Archive for the 'Music Monday' Category

Music Monday: The President Sang Amazing Grace

January 16, 2017

Small Brown Birds is done! Hurrah! The endgame was a ton of work over the winter break which, shall we say, interfered with some celebrations and visiting. But it’s well worth it! The Kickstarter rewards are going out and (I hope) should all be done by the end of the month.

To everyone who backed the campaign, a profound thank you. Both the cash and the support were incredibly helpful.

We didn’t finish the album as projected and one reason for that is that a new song came to Zoe in the fall and it really had to be on the album. It’s called “The President Sang Amazing Grace” and here’s a video of Zoe singing it at her CD release concert:

(Lyrics available on the YouTube page. There was a lot of YouTube/Google suffering.)

The concert was amazing with a wonderful space. Zoe’s voice was very strong. Attendances was somewhat depressed by the snow. For the first time in my life, I am mad at snow.

The studio version has a piano accompaniment which is truly lovely.

I’ll have more about the song next week and then dive into the rest of the album. Small Brown Birds will be available in the usual places soon (i.e., you will be able to get the physical disc from CD Baby and download from iTunes and Amazon). You can get a physical disc direct from Zoe if you’re in the US. See her website for details.

Music Monday: Welcome In Another Year

January 3, 2017

Happy (this calendar/culture) new year!

Zoe has a surprising (to me) number of holiday tunes. It’s surprising because we don’t do the holiday thing very systematically or thoroughly. But we do visit people during the winter holiday season and we try, at least, to celebrate Noruz, the Iranian New Year (in March). And we vaguely pay attention to the Chinese New Year. Etc!

(The one time I was in Iran, I was dropped trying to jump over a bonfire at the ancestral farm. I burned my pinky and really wanted to go to a “real hospital”. I suspect that that emphasis was due to earlier encounters with the scary squat toilets.)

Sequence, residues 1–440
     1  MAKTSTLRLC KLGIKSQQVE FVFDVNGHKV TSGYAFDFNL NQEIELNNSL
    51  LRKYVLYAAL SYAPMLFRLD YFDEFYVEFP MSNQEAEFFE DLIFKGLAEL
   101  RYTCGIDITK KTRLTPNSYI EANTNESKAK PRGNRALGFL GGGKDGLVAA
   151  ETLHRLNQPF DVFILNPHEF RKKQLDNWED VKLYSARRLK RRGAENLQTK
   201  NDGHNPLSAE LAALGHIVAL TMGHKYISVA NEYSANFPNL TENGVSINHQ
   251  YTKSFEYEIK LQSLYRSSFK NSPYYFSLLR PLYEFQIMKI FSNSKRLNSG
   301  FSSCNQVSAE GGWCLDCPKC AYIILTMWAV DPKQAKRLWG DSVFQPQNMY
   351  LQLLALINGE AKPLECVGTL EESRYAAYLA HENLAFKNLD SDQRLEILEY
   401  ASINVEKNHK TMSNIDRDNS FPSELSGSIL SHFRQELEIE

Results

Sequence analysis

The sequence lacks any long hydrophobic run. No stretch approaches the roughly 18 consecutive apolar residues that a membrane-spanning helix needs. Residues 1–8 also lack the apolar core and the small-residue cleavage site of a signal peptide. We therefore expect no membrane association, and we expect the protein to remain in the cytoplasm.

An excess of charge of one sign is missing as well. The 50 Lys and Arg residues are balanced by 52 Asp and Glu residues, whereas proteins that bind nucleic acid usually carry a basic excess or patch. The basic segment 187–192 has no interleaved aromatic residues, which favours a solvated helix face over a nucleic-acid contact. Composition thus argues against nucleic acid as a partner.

Thus begat “Welcome In Another Year” which is my all time favourite New Year’s song. It’s also just a wonderful banjo tune.

The chorus (plus an advocacy campaign by me) led to the title of the album:

Build up the bonfires
now the season’s turned
welcome in another year
and let the old one burn!

I really want 2016 to burn.

While looking for a video of the song, I found a surprising (to me) number of pretty interesting covers, including this really wacky one by the Mighty Kelltones:

They did a lot more dorking with the melody esp. in the chorus than the other covers. It’s lower, faster, and has different emphasis. In spite of the up tempo, it feels more low key, probably because the vocal doesn’t soar like Zoe’s and the instrumentals are more textural and rhythmic. (It reminds me a bit of Eva Cassidy’s “Wayfaring Stranger”.)

The next (by Blanche Rowen and Mike Gulston) is a more straightfoward cover:

Instead of banjo, we get some pretty cool guitar. It shares with the Mighty Kelltones’ version that Eva Cassidy feel to me. I think it’s the moodiness of the guitar compared with the brightness of Zoe’s banjo. (Their a cappela chorus has some interestingly warbly intonation.)

Our Morals is a Liverpool band who did a performance at the Lymm Festival in 2013:

This is worth contrasting with the Rowen/Gulston version. We have a guitar with male/female vocal combo (thought here the male voice does the verses). Our Morals is much more upbeat and I think a closer approximation of Zoe’s version. It’s clear that they are having a good time!

Lynn and Will Rowan have a piano (and penny whistle) arrangement that’s pretty lush:

Weirdly, this seems even closer to Zoe’s in spite of the greater difference in the individual instruments. Maybe it’s the vocals? I’m not sure!